The settlement is first mentioned in the Hypatian Codex in 1147 as the important town of the Kiyv princedom. A significant part of Brahin's population traditionally was of Jewish descent. By the end of 19th century, 2254 of 4311 inhabitants were Jewish. Many Jews in the area were killed by the German forces during World War II:
"On September 13, 1941, the Jews of Bragin were ordered to gather in a school for the purposes of selecting a monitor and his deputy, but when 300 Jews came at the indicated time the school they were surrounded by Germans and closed. After that, Jews were led out in groups to the edge of the village and shot."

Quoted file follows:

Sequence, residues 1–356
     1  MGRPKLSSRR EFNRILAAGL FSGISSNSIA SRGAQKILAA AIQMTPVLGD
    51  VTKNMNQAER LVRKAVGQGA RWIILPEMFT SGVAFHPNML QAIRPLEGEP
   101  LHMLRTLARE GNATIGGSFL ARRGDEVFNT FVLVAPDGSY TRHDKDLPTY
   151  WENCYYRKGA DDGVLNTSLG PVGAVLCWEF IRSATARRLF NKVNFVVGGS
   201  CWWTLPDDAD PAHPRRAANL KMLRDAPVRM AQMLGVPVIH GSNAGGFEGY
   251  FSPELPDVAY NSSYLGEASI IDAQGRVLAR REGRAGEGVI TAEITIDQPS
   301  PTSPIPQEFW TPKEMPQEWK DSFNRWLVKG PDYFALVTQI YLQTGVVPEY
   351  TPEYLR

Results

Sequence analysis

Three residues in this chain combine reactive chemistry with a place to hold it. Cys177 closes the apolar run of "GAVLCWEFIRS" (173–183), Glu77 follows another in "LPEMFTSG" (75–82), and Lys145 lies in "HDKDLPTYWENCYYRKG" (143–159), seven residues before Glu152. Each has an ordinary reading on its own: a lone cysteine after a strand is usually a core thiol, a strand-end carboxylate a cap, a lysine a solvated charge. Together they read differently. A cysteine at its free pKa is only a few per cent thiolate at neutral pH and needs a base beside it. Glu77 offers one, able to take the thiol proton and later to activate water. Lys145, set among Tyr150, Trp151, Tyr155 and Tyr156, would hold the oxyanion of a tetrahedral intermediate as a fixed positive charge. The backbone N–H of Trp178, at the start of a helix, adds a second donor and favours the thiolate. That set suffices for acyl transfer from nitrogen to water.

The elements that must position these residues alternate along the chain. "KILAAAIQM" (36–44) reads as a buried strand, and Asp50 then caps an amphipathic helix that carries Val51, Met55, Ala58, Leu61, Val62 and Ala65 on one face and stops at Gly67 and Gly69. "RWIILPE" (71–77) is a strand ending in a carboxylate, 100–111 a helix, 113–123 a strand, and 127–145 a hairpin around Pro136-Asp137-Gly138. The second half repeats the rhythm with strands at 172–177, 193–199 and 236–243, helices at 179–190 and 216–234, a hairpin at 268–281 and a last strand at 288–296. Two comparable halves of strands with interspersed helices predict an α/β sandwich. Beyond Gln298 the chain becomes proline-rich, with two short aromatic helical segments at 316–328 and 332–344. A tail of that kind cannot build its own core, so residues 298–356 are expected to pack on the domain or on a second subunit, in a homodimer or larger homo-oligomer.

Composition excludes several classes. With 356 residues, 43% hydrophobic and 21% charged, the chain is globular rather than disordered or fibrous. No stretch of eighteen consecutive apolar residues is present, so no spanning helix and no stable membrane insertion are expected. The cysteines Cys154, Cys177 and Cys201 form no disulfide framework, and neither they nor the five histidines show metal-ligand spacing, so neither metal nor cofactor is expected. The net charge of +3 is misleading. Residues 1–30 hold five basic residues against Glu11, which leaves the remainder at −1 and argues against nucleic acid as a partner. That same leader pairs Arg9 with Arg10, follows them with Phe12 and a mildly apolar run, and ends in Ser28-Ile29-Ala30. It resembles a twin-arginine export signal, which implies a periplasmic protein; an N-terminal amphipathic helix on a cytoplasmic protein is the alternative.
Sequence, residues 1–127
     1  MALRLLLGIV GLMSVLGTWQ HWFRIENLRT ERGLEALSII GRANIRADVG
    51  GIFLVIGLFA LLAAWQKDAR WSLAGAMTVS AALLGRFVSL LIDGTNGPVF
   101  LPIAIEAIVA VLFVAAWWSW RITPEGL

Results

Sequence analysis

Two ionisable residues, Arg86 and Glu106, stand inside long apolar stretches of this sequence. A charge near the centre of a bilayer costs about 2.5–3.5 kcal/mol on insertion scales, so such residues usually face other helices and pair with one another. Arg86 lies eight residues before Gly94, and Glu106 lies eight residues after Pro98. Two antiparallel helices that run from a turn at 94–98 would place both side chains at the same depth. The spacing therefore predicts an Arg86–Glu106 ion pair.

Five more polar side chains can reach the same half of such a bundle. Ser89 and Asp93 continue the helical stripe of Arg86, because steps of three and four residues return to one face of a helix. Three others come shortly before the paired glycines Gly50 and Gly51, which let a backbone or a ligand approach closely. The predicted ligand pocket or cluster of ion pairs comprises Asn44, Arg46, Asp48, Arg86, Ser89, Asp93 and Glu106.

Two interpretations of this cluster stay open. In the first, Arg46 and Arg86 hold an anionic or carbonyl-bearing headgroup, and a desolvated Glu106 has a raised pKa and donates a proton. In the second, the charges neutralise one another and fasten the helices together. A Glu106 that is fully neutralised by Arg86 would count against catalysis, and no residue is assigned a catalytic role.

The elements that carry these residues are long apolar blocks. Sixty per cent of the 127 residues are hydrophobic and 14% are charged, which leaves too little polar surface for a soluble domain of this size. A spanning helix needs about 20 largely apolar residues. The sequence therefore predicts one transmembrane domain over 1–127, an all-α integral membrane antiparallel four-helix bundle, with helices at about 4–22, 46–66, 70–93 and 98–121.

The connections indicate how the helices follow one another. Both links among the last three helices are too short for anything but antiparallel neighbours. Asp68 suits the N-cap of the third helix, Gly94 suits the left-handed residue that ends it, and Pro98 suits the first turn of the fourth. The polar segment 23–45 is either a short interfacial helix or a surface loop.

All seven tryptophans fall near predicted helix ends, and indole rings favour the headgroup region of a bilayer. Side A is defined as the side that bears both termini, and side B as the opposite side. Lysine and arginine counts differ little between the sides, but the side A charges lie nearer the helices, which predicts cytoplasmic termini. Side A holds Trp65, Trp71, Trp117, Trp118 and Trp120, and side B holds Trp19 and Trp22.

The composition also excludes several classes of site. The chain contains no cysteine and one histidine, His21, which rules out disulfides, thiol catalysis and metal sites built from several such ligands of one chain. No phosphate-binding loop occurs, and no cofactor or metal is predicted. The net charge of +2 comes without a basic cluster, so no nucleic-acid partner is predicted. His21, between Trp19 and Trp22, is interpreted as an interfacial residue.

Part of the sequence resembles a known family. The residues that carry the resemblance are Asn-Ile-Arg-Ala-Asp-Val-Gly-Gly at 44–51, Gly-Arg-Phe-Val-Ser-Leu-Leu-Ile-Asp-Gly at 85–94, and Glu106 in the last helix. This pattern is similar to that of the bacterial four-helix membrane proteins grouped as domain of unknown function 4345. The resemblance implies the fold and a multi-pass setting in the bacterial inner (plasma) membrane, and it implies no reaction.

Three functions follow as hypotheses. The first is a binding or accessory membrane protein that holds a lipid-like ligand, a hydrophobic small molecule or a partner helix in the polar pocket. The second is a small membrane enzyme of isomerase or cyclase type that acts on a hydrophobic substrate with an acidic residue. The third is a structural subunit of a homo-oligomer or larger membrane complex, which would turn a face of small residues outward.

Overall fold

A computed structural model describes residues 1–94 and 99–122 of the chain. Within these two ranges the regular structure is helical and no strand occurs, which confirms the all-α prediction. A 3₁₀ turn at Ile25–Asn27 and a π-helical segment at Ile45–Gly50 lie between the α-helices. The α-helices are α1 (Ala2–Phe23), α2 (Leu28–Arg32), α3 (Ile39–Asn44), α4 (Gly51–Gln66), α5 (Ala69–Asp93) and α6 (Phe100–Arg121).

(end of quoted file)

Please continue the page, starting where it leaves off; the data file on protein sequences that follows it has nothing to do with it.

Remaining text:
As a result of the Chernobyl disaster, areas of the Brahin district was radioactively contaminated. 52 settlements were resettled, 9 of which are buried. From Brahin itself 1,651 families (4,892 people) were resettled.
^"Raspredelenie naseleniya mest Rossiyskoy Imperii po chislennosti naseleniya. Vseobshchaya perepis’. Materialy ob economicheskom polozhenii evreev v Rossii.(1898) (ed. Evr.Kol.O-va), as cited on JewishGen website.
^"Ghettos in the Gomel Region: Commonalities and Unique Features, 1941-42" by Leonid Smilovitsky, Ph.D., Diaspora Research Center Lester and Sally Entin Faculty of the Humanities Tel Aviv University (fulltext); citing Yad Vashem Archives, collection M-33/1120, p. 5.